Absolute discharge

This type of discharge only applies to restricted patients, whose discharge can only be granted by the Tribunal or, less commonly, the Ministry of Justice.

Absolute discharge of detained patient by Tribunal

An absolute discharge must be granted where:

  • The 's3' criteria for detention are no longer met (i.e. nature/degree/health/safety/others). See s72(1)(b).
  • It is not appropriate for the patient to remain liable to be recalled to hospital for further treatment. See s73(1)(b).

As the onus is on the detaining authority to satisfy the Tribunal of the former consideration, the actual wording of the Act is slightly more convoluted. See R (H) v MHRT North & East London Region [2001] EWCA Civ 415 and the subsequent Mental Health Act 1983 (Remedial) Order 2001 for the history of this.

If liability to be recalled is appropriate, a conditional discharge must be granted instead. There is no general discretion in relation to discharge in restricted cases.

It is extremely rare to obtain an absolute discharge straight out of hospital. Following Reid v Secretary of State for Scotland [1998] UKHL 43 it was possible to obtain absolute discharge for untreatable psychopathic disorder on the grounds that if it is untreatable, the patient should not be liable to be recalled for 'treatment'. However, other caselaw suggests that conditional discharge may also be appropriate even if there is no mental disorder at all: for example Johnston v UK and R (SSHD) v MHRT, re BR [2005] EWHC 2468 (Admin). If the logic in these cases is to help settle someone safely into the community, then perhaps there should be some time limit on the conditional discharge, but there is no provision for this.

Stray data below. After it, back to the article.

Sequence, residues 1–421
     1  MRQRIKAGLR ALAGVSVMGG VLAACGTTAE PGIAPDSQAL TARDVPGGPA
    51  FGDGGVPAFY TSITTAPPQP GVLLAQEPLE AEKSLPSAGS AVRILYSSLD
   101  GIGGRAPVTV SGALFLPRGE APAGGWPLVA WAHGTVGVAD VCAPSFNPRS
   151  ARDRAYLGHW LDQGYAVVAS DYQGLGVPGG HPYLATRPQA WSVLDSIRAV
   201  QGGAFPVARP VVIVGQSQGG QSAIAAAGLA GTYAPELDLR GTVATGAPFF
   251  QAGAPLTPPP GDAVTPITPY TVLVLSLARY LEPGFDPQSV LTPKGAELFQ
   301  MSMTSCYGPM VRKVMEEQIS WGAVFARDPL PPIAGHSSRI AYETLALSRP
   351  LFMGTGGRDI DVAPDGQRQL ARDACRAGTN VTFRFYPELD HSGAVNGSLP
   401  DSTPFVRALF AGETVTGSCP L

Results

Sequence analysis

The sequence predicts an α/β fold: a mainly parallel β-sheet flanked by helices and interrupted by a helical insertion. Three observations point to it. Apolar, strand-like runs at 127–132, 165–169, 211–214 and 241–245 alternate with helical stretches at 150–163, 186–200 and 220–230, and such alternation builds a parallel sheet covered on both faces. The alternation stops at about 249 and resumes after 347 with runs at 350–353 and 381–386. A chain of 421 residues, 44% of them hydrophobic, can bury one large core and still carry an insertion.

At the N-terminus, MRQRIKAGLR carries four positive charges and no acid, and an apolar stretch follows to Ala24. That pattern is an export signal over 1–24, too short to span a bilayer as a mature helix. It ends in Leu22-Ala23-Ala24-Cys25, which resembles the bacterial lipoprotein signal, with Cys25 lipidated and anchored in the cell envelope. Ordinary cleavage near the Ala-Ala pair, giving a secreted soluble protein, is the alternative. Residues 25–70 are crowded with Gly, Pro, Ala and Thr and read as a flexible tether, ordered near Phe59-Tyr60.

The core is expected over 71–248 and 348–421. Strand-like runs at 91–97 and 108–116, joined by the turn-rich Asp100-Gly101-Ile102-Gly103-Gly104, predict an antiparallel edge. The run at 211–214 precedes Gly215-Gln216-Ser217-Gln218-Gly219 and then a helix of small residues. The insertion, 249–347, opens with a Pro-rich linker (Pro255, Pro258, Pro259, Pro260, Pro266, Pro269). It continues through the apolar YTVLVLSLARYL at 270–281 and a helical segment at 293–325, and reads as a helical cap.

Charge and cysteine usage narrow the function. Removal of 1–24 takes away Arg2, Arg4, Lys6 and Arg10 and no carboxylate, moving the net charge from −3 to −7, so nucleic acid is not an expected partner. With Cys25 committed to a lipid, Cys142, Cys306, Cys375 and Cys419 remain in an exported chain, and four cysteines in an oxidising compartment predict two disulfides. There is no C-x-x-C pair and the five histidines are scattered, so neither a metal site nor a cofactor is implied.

Absolute discharge of conditionally discharged patient by Tribunal

A conditionally discharged patient can make an application to the Tribunal for an absolute discharge.

s75 applies to the Tribunal's considerations. The section does not contain any criteria for the Tribunal to consider, so they have an unfettered discretion. See R (SC) v MHRT [2005] EWHC 17 (Admin), an unsuccessful challenge to the lack of criteria, and for some useful comments on what a Tribunal might consider. See also RH v South London and Maudsley NHS Foundation Trust [2010] UKUT 32 (AAC).

No application may be made to the Tribunal in the first year after the conditional discharge, but one may be made in the next year, and in each two-year period thereafter.

If the restriction order was time-limited then the restrictions will cease at the specified time. If a patient has been conditionally discharged by the time the restrictions cease, then he is automatically absolutely discharged on that date: s42(5)

Discharge by Ministry of Justice

The Justice Secretary can discharge under s42(2) either absolutely or conditionally. No criteria are set out - the Act says "if he thinks fit" - though obviously similar considerations would apply. A Ministry of Justice discharge would follow a recommendation from the patient's RC, but such discharges are rare. Their policy (found in their 18/3/09 Guidance for Clinical Supervisors, and Guidance for Social Supervisors, documents) states:

MHU’s policy is that we will not grant absolute discharge unless it is clear that the restrictions are no longer required to ensure the patient’s safe management. This means that the Secretary of State will not grant absolute discharge where the patient still has a mental disorder, and has the potential to be a risk to others if not well supervised in the future, and where future supervision is not guaranteed.


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